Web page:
GOP Senators Fear Trump Use of 'Secret Police' Is Unconstitutional: Merkley

Republican senators have been expressing concerns over the Trump administration's decision to deploy federal law enforcement officers to Portland, with some fearing the deployment could be "unconstitutional," Oregon Democratic Sen. Jeff Merkley has said.

Speaking with Newsweek on Tuesday, Merkley said he had spoken to "several Republican colleagues who are very opposed to the secret police strategy of the administration."

Among the concerns expressed by GOP senators, Merkley said, are fears that the deployment represents "a massive overreach of federal power" that is "potentially unconstitutional."

Pointing to recent incidents of protesters being forced into unmarked vans by federal officers, as well as one incident that saw a protester shot in the head with what was believed to be an impact munition, Merkley said Republicans are concerned that the Trump administration has been deploying a "potentially unconstitutional strategy of arrests that violate people's civil liberties."

Further, he said, GOP Senate members have expressed concerns that the deployment has pushed America further towards the "adoption of a dictator style" of law enforcement.

That is a fear that Merkley shares in, with the Oregon senator telling Newsweek he believes the deployment has seen the use of similar tactics typically deployed under dictatorships.

"When I consider how this developed, you've got [President Donald Trump,] who loves to talk about his affection for dictators around the world... [Kim Jong-un] of North Korea, [Vladimir Putin] of Russia, [Rodrigo Duterte] of the Philippines… They use these kinds of tactics of secret police sweeping people off the streets and he's brought it to America. President Trump has brought these fascist tactics to America and they have to end," Merkley said.

While Democrats have increasingly been describing federal law enforcement officers deployed to Portland in response to unrest in the wake of George Floyd's death as "secret police," Trump administration officials have pushed back against the descriptor, with Homeland Security Acting Secretary Chad Wolf insisting on Tuesday that law enforcement personnel are simply "civilian police officers" combating "violent criminal activity."

Speaking during a press conference in Portland, Wolf also denied claims that federal officers were not properly identifying themselves, insisting that they have been wearing insignia showing they are police.

On Monday, Merkley introduced a new measure alongside fellow Democratic Congress members that would force federal officers to clearly identify themselves, while also reining in their law enforcement powers.

Formally titled the "Preventing Authoritarian Policing Tactics on America's Streets Act," Merkley said Democrats had unofficially dubbed the bill the 'No Secret Police in America Act.'"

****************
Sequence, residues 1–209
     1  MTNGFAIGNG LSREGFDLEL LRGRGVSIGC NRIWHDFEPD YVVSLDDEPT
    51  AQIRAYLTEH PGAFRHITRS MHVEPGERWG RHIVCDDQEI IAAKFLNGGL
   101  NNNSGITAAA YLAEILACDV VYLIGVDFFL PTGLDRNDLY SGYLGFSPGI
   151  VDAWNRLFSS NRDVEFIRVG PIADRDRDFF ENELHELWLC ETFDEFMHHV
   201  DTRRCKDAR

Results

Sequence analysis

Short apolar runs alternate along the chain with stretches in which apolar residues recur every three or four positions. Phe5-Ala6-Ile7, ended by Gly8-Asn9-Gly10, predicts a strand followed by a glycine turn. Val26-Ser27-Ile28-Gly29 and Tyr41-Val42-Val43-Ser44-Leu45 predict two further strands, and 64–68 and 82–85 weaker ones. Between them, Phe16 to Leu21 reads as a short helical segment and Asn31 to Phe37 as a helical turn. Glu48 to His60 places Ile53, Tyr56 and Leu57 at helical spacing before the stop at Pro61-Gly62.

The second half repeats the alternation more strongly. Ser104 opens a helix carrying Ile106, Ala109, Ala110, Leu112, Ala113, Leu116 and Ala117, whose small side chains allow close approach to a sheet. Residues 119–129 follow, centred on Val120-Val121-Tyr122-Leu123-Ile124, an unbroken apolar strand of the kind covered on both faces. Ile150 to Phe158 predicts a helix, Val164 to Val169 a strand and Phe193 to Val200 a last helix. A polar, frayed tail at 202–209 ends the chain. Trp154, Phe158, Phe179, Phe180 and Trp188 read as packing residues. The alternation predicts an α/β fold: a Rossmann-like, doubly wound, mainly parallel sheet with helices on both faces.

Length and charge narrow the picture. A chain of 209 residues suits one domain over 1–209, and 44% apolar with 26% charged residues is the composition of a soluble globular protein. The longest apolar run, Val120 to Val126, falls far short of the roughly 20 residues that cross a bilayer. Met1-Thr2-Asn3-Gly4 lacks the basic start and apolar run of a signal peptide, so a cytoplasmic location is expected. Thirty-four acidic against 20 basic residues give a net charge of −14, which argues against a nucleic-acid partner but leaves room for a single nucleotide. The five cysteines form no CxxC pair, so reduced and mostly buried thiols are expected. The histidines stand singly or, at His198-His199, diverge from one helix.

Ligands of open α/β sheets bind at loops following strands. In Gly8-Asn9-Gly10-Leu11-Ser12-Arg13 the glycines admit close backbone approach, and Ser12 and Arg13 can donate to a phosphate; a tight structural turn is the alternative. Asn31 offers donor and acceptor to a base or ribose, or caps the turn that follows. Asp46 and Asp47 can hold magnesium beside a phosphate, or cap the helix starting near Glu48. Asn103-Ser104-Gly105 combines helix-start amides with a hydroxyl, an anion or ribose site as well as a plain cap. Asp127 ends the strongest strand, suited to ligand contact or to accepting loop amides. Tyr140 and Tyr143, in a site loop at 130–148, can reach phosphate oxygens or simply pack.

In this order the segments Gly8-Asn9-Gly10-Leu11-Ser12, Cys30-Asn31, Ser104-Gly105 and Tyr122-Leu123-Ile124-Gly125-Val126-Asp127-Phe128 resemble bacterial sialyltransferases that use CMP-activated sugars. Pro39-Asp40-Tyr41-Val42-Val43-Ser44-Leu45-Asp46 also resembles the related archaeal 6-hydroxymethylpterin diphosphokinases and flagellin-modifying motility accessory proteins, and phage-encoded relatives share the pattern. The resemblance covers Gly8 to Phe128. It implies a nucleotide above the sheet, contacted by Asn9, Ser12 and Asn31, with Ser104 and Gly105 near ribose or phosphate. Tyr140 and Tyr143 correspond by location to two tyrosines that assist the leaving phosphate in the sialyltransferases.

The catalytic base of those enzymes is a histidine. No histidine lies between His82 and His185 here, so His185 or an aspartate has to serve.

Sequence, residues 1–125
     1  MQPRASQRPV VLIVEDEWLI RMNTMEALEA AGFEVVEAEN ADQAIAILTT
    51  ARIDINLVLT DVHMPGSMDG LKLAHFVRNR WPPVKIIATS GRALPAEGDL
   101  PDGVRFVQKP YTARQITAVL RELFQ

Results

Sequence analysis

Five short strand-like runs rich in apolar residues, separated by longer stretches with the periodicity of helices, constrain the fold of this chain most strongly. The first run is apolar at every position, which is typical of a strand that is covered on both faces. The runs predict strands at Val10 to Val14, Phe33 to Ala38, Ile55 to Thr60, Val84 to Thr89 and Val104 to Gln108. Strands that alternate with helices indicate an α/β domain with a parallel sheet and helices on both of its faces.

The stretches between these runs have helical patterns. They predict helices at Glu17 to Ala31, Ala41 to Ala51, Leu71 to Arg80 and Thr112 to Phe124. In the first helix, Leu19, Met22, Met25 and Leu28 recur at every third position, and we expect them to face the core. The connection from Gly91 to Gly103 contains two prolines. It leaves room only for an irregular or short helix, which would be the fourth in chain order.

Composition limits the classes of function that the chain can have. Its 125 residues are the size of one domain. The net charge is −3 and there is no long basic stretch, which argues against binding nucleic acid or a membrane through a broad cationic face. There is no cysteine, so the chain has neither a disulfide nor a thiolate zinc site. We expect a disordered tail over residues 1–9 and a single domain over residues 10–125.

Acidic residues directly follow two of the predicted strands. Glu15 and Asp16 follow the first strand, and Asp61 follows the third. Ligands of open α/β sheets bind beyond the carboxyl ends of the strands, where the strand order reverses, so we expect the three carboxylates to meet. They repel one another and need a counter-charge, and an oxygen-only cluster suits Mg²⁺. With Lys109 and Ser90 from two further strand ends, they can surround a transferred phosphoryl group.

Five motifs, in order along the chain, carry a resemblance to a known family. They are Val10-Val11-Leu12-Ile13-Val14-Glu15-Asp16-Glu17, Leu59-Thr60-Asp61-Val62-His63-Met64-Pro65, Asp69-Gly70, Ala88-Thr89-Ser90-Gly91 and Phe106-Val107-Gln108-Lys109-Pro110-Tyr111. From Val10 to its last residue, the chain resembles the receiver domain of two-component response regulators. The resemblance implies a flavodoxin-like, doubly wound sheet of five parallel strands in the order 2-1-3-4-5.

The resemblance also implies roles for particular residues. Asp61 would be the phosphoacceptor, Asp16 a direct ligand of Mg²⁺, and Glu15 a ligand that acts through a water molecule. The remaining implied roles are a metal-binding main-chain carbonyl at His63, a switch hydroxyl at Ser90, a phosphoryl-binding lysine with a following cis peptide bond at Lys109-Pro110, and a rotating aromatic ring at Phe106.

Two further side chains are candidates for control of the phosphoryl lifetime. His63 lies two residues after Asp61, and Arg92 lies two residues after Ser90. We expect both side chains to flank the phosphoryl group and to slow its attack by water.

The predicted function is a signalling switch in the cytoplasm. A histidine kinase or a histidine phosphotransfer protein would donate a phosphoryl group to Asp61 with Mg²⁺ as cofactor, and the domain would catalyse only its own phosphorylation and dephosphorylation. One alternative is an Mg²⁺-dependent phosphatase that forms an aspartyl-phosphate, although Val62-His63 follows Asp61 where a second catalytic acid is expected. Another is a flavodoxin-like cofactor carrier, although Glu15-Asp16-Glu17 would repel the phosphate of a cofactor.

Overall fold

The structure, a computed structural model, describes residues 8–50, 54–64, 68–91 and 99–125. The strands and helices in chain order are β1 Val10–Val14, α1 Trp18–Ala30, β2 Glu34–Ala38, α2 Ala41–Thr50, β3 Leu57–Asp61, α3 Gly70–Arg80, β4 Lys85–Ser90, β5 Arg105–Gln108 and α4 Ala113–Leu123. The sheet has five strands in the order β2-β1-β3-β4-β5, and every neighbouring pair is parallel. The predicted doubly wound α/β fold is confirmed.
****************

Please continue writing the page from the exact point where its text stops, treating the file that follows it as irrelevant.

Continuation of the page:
The measure was introduced as a proposed amendment to the National Defense Authorization Act (NDAA) and seeks to put an end to concerning tactics alleged to have been used by federal agents in Portland.

Under the act, federal officers would see their "crowd control" activities limited to protecting federal property only.

They would also be required to wear identification on their uniforms at all times and would be barred from using unmarked vehicles in arrests.

The legislation would also require the Trump administration to disclose the details of each deployment within a 24-hour time frame, including the number of personnel deployed and the reason for their deployment.

Any arrests made in violation of the above rules would be deemed unlawful.

While Merkley said Republicans had not "signed onto the bill publicly," he said he believed that if a vote on the measure is secured, "we will have some Republican support."

The proposed measure was announced as Trump threatened to expand the deployment of federal law enforcement officers to other cities, including New York City, Chicago, Philadelphia, Oakland and Detroit.

City mayors were quick to respond to the apparent threat, telling the Trump administration its officers would not be welcome in their cities. Detroit's mayor's office, however, expressed confusion over why the city would be included on the list at all, given that it has not seen the same level of unrest as other cities.

Merkley said that while the Trump administration appeared to be targeting Democrat-led cities, he also found it concerning that the government appeared to be considering cities with "high Black populations."

"When he talked…about his list of cities that he's considering going to next, it was Oakland, not San Francisco, Detroit, not the suburbs outside of Detroit, Chicago, not the suburbs outside of Chicago. He's targeting areas where there are high Black populations," Merkley said.

For Trump, Merkley said he believes the deployment is ultimately part of a "campaign strategy" to rally support among his base, while also "undermining the Black Lives Matter message."

Newsweek has contacted the White House for comment.

Feds Portland
Federal officers walk through tear gas while dispersing a crowd of about a thousand people during a protest at Mark O. Hatfield U.S. Courthouse on July 21, 2020 in Portland, Oregon. Nathan Howard/Getty